New research has found that young people who have more beneficial sleep habits are incrementally less likely to die early.

Moreover, the data suggest that about 8% of deaths from any cause could be attributed to poor sleep patterns.
The five key habits are:

  • seven or eight hours of sleep per night
  • difficulty falling asleep no more than twice a week
  • trouble staying asleep no more than twice a week
  • not using any sleep medication
  • feeling well rested when waking up at least five days a week

Life expectancy was 4.7 years greater for men and 2.4 years greater for women, who reported having all these five quality sleep measures, compared with those who had none or just one of the five favourable elements of low-risk sleep.

“If people have all these ideal sleep behaviour, they are likely to live longer,” said study co-author Frank Qian, MD at Beth Israel Deaconess Medical Center.

“I think these findings emphasise that just getting enough hours of sleep isn’t sufficient,” said Dr Qian, a clinical fellow in medicine at Harvard Medical School. “You really have to have restful sleep and not have much trouble falling and staying asleep.”

The researchers looked at figures from more than 172,300 American adults, with an average age of 50, who participated in an annual health survey between 2013 and 2018. Participants were asked questions about sleep habits and were followed for an average of 4.3 years during which time more than 8,600 died. Of the deaths, 30 percent were from cardiovascular disease, 24 percent were from cancer and 46 percent were due to other causes.

Researchers assessed the five different factors of quality sleep using a low-risk sleep score they created based on answers collected as part of the survey. Each factor was assigned zero or one point for each, for a maximum of five points, which indicated the highest quality sleep.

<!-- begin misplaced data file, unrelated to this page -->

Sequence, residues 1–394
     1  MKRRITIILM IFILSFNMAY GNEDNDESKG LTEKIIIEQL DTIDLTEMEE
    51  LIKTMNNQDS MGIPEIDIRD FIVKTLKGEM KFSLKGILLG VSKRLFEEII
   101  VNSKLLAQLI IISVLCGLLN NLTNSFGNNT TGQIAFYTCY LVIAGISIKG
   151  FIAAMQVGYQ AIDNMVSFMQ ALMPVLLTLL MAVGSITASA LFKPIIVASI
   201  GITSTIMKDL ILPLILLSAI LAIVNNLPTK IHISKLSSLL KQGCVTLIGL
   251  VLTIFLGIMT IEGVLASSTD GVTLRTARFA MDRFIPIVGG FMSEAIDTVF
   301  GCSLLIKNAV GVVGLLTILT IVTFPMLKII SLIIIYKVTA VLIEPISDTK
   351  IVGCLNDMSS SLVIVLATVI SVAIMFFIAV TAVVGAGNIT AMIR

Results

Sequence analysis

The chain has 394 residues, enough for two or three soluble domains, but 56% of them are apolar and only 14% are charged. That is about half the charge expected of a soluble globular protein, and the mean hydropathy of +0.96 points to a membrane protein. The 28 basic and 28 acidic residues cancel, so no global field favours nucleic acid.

Qian said this is the first study (to his knowledge) to use a nationally representative population to look at how several sleep behaviour, and not just sleep duration, might influence life expectancy.

The research team found that, compared to people who had zero to one favourable sleep factors, those who had all five were 30 percent less likely to die for any reason, 21 percent less likely to die from cardiovascular disease, 19 percent less likely to die from cancer, and 40 percent less likely to die of causes other than heart disease or cancer.

He says more research is needed to determine why men with all five low-risk sleep factors had double the increase in life expectancy compared with women who had the same quality sleep.

“Even from a young age, if people can develop these good sleep habits of getting enough sleep, making sure they are sleeping without too many distractions and have good sleep hygiene overall, it can greatly benefit their overall long-term health.”

He explained that for the present analysis the team estimated gains in life expectancy starting at age 30, but the model can be used to predict gains at older ages too.

“It’s important for younger people to understand that a lot of health behaviour is cumulative over time. Just like we like to say, ‘it’s never too late to exercise or stop smoking,’ it’s also never too early. And we should be talking about and assessing sleep more often,” Quon said.

The researchers hope patients and physicians will start talking about sleep during doctor visits as part of their overall health assessment and disease management strategies.